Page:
Fair Isle Cardigan FO

Yarn: Worsted Weight - Ella Rae Classic/Shepherd Classic/Nature Spun/Sheldridge Farm Soft Touch W4/Briggs and Little Tuffy/Lion Brand Fisherman's Wool
Colours: 14 Assorted Colours (See list at end of Post)
Needles: 5.0, 5.5, 6.0 dpns and same size circulars 40, 60, 80 cm
Start: August 24 Finish: October 28, 2009
Modifications: Mixed Medium Sized Sleeves with Large Sized Body/Adjusted Gauge to Make Chest Measurement Equal to Hip Measurement Thereby Loosing A Line Shaping (See notes below)

And there you have it! Its done. After all the planning to adjust the size and shape it fits. After all the considering and swatching and knitting and ripping and redoing the colours worked out and I couldn't be more pleased!
From the beginning I recognized the A-line shape combined with the sizing of the pattern and the amount of negative ease for those sizes wasn't going to work for me. To be larger around the hips than at the bust I would have had to make the X Large size which would have had the sleeves down around my knees and the shoulders flapping around like wings. So I spent a lot of time both measuring myself and other sweaters I already own and simply staring at the photo of the knit on the model in the magazine. The designer's vision as represented in VK drew me to the pattern in the first place. The problem is, nothing about me, other than gender is similar to the VK model. I needed to interpret the Jonsdottir idea for my body.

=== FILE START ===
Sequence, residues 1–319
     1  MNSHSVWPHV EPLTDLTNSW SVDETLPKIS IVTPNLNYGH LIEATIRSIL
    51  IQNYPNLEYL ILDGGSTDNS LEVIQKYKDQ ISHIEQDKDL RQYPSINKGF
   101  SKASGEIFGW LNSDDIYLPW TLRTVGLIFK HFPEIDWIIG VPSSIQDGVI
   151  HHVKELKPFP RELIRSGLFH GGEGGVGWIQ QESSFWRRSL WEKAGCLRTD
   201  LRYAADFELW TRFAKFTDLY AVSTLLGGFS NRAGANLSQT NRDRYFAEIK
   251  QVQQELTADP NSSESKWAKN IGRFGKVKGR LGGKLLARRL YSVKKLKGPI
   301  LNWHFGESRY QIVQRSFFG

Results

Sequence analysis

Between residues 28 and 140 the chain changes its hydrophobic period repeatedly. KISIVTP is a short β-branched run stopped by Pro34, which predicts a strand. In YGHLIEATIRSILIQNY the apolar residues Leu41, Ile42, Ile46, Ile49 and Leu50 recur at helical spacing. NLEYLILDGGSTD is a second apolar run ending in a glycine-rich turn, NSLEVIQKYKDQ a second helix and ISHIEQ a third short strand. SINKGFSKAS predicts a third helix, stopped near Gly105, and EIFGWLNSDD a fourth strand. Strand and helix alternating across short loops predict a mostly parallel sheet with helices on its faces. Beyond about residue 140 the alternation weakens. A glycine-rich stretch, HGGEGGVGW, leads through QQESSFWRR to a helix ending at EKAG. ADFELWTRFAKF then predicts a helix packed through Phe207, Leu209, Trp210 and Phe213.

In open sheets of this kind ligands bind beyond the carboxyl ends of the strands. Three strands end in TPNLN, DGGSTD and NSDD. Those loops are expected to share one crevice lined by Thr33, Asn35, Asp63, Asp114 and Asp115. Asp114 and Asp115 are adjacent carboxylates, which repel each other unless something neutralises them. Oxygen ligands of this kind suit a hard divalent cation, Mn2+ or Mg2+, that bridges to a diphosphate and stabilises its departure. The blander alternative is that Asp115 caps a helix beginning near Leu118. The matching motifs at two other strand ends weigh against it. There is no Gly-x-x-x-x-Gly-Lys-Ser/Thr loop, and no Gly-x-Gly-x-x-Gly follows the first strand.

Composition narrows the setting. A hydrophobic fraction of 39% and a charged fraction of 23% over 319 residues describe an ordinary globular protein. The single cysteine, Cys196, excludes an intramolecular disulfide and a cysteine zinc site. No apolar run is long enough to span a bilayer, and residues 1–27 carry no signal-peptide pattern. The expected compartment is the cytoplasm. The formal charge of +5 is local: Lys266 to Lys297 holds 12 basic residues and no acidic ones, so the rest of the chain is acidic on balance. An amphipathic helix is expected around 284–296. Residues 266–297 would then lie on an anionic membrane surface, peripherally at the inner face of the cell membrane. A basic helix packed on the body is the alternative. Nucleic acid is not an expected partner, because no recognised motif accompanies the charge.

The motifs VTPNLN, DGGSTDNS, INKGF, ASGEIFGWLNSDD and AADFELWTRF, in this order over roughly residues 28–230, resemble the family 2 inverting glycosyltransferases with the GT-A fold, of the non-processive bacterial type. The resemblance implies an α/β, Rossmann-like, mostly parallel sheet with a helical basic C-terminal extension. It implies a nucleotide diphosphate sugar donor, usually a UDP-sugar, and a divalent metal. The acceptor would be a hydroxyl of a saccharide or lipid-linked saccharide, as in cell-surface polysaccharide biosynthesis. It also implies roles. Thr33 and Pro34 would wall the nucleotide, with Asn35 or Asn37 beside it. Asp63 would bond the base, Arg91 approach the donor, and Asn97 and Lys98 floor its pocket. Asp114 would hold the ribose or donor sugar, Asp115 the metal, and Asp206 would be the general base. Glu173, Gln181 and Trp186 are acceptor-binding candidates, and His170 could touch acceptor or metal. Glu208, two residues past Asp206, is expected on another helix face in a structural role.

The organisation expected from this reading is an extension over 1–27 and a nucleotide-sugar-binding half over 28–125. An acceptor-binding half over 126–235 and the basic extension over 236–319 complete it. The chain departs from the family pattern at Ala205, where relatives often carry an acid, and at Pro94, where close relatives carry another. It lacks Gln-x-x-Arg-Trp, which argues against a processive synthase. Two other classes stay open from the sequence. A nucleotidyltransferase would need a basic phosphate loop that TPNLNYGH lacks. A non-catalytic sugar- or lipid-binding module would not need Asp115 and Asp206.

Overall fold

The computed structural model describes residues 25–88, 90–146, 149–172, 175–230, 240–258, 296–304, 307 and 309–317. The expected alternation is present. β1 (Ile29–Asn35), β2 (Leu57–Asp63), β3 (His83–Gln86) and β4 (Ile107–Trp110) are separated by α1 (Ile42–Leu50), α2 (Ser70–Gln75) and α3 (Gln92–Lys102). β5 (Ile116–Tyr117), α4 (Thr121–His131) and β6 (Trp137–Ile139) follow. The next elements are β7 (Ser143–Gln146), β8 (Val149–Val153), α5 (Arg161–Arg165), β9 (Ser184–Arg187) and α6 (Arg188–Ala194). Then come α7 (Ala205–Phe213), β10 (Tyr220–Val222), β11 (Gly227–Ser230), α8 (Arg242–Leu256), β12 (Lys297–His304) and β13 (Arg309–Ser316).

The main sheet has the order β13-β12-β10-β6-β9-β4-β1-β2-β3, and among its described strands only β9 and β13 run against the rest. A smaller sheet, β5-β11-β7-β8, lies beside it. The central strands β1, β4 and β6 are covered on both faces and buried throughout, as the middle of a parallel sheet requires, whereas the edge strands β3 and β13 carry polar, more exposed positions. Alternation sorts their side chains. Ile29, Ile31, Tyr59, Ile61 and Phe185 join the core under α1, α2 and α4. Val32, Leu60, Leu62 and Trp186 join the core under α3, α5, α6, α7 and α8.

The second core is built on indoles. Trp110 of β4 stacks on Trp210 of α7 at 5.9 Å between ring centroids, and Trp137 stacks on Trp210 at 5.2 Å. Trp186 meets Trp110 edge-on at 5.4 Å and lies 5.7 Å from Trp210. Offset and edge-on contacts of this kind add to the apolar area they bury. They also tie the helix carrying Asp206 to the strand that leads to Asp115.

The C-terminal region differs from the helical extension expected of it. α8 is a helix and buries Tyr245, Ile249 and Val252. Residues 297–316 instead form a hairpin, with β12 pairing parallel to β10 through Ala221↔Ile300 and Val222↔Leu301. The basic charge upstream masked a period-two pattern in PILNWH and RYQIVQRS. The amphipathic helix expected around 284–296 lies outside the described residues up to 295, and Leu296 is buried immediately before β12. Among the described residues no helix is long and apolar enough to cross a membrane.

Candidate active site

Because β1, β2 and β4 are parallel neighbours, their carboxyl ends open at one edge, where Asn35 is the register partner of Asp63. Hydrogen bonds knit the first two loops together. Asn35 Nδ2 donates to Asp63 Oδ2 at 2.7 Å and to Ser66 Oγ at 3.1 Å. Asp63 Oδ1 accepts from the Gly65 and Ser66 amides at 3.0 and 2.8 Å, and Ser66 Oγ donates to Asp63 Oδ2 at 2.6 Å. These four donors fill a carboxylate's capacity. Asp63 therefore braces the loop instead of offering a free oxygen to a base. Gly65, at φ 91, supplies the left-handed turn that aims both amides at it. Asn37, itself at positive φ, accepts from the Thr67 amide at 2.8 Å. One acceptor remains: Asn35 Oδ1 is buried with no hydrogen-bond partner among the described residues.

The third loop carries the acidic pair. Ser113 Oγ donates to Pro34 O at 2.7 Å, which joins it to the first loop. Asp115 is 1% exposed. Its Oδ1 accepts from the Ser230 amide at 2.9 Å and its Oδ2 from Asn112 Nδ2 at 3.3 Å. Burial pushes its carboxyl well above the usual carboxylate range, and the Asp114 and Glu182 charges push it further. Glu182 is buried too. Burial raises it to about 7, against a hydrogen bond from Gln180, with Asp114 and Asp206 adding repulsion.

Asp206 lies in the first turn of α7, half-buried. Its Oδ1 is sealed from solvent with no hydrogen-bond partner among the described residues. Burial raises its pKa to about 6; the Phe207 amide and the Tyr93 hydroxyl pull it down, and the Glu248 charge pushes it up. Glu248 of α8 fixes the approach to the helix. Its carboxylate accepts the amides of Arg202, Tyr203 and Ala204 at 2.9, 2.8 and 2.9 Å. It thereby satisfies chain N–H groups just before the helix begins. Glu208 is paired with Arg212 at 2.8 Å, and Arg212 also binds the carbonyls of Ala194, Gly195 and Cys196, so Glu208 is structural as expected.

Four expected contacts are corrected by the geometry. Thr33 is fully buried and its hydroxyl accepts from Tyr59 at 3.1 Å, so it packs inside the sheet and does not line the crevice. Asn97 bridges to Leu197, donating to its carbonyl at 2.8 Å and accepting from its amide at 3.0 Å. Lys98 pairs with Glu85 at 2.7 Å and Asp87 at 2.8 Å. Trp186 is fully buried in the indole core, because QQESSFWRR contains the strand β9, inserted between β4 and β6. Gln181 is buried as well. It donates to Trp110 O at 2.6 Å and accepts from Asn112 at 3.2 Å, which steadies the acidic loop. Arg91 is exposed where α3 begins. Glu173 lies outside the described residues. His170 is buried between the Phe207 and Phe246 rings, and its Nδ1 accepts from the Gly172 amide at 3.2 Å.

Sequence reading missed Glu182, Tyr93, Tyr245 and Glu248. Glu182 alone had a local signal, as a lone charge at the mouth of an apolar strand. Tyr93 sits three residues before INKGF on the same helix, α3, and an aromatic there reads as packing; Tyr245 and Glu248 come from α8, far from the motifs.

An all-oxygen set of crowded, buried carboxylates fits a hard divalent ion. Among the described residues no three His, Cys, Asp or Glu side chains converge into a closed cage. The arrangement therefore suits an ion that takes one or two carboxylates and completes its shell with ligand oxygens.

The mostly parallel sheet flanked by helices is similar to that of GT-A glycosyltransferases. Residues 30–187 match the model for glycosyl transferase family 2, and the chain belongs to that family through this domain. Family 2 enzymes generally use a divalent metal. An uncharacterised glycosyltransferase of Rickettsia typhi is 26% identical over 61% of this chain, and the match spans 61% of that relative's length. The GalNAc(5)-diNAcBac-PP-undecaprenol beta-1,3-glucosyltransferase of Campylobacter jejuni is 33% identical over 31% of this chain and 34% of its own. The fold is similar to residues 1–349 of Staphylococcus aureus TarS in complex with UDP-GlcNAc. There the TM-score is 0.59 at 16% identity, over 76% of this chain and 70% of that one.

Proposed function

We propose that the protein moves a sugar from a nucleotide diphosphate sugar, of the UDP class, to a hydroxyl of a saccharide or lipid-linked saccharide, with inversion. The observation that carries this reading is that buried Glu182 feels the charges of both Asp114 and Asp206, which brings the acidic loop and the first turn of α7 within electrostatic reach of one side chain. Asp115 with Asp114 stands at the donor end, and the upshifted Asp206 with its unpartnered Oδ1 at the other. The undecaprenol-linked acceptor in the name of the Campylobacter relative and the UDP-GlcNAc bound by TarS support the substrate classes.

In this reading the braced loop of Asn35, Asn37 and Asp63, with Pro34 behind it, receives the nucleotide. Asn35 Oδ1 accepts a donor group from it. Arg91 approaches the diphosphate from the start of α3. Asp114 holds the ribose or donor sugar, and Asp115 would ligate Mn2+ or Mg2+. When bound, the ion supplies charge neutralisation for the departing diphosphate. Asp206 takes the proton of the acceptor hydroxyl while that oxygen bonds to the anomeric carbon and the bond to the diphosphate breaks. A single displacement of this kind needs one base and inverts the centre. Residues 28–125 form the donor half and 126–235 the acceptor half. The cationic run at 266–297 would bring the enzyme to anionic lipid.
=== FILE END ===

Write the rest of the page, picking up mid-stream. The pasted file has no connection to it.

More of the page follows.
I knit medium sized sleeves and a large size body and went for straight tube-like shaping with 1.5 inches negative ease through the bust and almost neutral ease everywhere else. I got this shaping by manipulating gauge rather than stitch count. (I did not want to mess with the colourwork charts!) I did this by using increasingly larger needles and increasingly looser knitting as I worked upwards in the round from hem to yoke. This gave me more stitches per inch around the bottom of the sweater and fewer per inch through the bust. So the knitted fabric at the top is wider with the same number of stitches than at the bottom. As the yoke progressed above the bust towards the neck I did the same thing in reverse using increasingly smaller needles and tighter knitting. Its quite frankly a miracle to me that this worked as well as it did. (Cue choirs of angels singing Hallelujah Chorus)

The sweater is warm but light and not at all bulky. As you can see above there is sufficient ease to move freely. (In the picture I'm wearing it over a fairly thick ribbed cashmere turtleneck.)

Pre zipper installation it weighed 17 ozs. or 482 grams which is about 5 average sized balls of worsted wool yarn.